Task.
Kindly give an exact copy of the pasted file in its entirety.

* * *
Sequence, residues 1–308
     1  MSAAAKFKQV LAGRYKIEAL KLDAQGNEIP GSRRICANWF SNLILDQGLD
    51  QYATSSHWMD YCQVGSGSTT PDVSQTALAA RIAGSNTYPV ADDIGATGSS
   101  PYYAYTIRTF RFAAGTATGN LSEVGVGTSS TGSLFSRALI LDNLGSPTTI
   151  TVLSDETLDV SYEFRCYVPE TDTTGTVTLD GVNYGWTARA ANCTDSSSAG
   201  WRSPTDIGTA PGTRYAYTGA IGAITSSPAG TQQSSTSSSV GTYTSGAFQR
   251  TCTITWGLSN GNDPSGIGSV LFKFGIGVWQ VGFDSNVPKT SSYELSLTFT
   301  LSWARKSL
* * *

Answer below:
Sequence, residues 1–308
     1  MSAAAKFKQV LAGRYKIEAL KLDAQGNEIP GSRRICANWF SNLILDQGLD
    51  QYATSSHWMD YCQVGSGSTT PDVSQTALAA RIAGSNTYPV ADDIGATGSS
   101  PYYAYTIRTF RFAAGTATGN LSEVGVGTSS TGSLFSRALI LDNLGSPTTI
   151  TVLSDETLDV SYEFRCYVPE TDTTGTVTLD GVNYGWTARA ANCTDSSSAG
   201  WRSPTDIGTA PGTRYAYTGA IGAITSSPAG TQQSSTSSSV GTYTSGAFQR
   251  TCTITWGLSN GNDPSGIGSV LFKFGIGVWQ VGFDSNVPKT SSYELSLTFT
   301  LSWARKSL